Growth due to Mandibular extraction: The results of 35 days growth trial are presented in Table 1 and 2. Survivals of control and injected crabs of both sexes were 100% and those of ablated, the survival was 60%. Injection of mandibular gland extracts increased the food consumption of both the sexes of O. macrocera. Among the three groups used, the maximum weight gain in both f the sexes was noticed in mandibular extract injected crabs ed with bivalves and lowest range of weight gain was noticed in crabs fed with crab muscles (Table 1 and 2). The result also showed that females grew faster than males throughout the experiment. The Percentage of Growth (PG) and Average Daily Growth (ADG) of O. macrocera were also more in mandibular extract injected females and male crabs fed with bivalves. To investigate the growth rate of crabs after injection, a comparison between control, mandibular gland extract injected and cheliped injected animals was made. One way analysis of variance done showed that growth rates among control, mandibular gland extract injected and cheliped injected of both sexes (Table 3, 4) differed significantly (p<0.005).

Table 1: Effect of mandibular gland extraction on growth of male O. macrocera fed with three different diets (Weight in grams)
IW: Initial weight, FW: Final weight, PG: Percentage growth, ADG: Average daily growth, M: Mandibular gland extract, C: Cheliped extract

Table 2: Effect of mandibular gland extraction on growth of female O. macrocera fed with three different diets (Weight in grams)
IW: Initial weight, FW: Final weight, PG: Percentage growth, ADG: Average daily growth, M: Mandibular gland extract, C: Cheliped extract

Table 3: Analysis of variance (Anova) for difference in growth among control, mandibular gland extract injected and cheliped injected male O. macrocra fed with three different feeds

Table 4: Analysis of variance for difference in growth among control, mandibular gland extract injected and cheliped injected female O. macrocra fed with three different feeds

Table 5: Effect of eyestalk ablation and eyestalk extraction (ESE) on growth of male O. macrocera fed with three different diets (Weight in grams)
IW: Initial weight, FW: Final weight, PG: Percentage growth, ADG: Average daily growth, M: Mandibular gland extract, C: Cheliped extract.

Table 6: Effect of eyestalk ablation and eyestalk extraction (ESE) on growth of female O. macrocera fed with three different diets (Weight in grams)
IW: Initial weight, FW: Final weight, PG: Percentage growth, ADG: Average daily growth, M: Mandibular gland extract, C: Cheliped extract

Table 7: Analysis of variance for difference in growth among control, eyestalk extraction (ESE) injected and cheliped injected male O. macrocra fed with three different feeds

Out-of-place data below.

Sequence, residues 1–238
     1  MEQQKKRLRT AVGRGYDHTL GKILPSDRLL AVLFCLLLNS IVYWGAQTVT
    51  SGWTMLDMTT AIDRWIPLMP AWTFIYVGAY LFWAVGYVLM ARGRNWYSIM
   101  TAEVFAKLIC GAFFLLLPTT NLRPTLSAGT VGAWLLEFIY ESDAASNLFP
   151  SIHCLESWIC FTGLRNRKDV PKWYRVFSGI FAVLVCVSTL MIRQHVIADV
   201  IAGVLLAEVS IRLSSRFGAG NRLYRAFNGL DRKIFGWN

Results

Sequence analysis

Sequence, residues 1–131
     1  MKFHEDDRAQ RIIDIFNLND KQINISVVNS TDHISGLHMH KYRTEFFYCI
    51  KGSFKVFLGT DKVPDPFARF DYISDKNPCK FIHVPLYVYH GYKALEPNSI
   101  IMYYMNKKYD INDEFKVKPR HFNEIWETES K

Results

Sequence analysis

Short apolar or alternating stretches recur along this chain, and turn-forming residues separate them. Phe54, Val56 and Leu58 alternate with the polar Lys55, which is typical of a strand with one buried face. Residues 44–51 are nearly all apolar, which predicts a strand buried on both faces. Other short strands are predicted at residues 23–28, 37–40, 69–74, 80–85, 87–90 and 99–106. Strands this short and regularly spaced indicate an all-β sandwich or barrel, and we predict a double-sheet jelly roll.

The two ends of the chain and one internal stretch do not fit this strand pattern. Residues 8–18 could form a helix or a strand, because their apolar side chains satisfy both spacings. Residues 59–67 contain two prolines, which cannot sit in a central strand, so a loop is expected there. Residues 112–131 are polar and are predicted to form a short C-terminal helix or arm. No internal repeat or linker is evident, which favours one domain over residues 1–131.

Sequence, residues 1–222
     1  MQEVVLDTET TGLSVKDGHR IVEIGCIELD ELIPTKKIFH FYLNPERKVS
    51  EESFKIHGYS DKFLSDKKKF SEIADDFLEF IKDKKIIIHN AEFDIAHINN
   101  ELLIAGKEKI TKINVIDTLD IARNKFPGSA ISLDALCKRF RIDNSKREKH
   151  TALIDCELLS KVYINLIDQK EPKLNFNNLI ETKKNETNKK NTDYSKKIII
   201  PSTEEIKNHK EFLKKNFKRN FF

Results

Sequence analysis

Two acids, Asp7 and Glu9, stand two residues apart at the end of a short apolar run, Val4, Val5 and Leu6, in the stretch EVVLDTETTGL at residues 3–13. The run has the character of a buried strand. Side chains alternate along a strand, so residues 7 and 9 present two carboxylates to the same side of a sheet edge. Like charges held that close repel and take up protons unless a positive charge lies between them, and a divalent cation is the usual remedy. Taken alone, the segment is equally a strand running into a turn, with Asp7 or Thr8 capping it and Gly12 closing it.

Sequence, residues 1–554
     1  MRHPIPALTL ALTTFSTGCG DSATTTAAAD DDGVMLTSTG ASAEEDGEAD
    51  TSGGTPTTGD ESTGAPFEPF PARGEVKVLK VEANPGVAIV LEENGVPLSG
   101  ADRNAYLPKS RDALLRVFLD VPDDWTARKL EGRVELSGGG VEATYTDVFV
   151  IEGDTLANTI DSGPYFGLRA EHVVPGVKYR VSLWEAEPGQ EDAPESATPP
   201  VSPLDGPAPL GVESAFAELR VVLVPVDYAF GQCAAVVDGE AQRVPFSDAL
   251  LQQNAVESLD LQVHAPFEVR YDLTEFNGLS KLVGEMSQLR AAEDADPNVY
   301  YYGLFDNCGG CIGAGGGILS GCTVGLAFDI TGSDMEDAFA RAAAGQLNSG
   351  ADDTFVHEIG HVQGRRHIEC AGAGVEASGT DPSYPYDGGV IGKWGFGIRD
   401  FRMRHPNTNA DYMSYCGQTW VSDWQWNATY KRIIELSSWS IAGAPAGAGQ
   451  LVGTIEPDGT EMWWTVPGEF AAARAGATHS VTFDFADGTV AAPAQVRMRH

Table 8: Analysis of variance for difference in growth among control, eyestalk extraction (ESE) injected and cheliped injected female O. macrocra fed with three different feeds

The results showed that the mandibular gland extract injected crabs had higher mean wet body weight than the control and injected animals throughout the experimental period. Feed efficiency also showed a significant trend in control, mandibular gland extract injected and cheliped injected crabs in both sexes.

Growth due to eyestalk factors: The results of 35 days growth trial are presented in Table 5 and 6. Eye stalk ablation had a significant effect on weight gain in O. macrocera fed with three different feeds. In both sexes weight gain of eye stalk ablated O.macrocera fed with bivalves was significantly better than the ablated crabs fed with crab muscles and fishes. Survival of injected crabs of both sexes was 100% and those of ablated males were 80 and 60% in ablated females. Injection of eye stalk extracts significantly decreased the food consumption rate of crabs and was found to have a negative effect on growth of these animals. To investigate the growth rate of crabs after ablation and injection, a comparison between injected, control and ablated animals was made. One way analysis of variance done showed that growth rates among control, ablated and injected (Table 7, 8) crabs differed significantly (p<0.005). The results showed that the ablated crabs had higher mean wet body weight than the control and injected animals throughout the experimental period. The Percentage of Growth (PG) and Average Daily Growth (ADG) of O. macrocera were also more in ablated females and male crabs fed with bivalves. It is also clear from Table 7 and 8 that injected animals had lowest mean wet body weight than the control and ablated animals throughout the experimental period.

Table 9: Analysis of variance for difference in indices of heart, mandibular gland and ovary of O. macrocera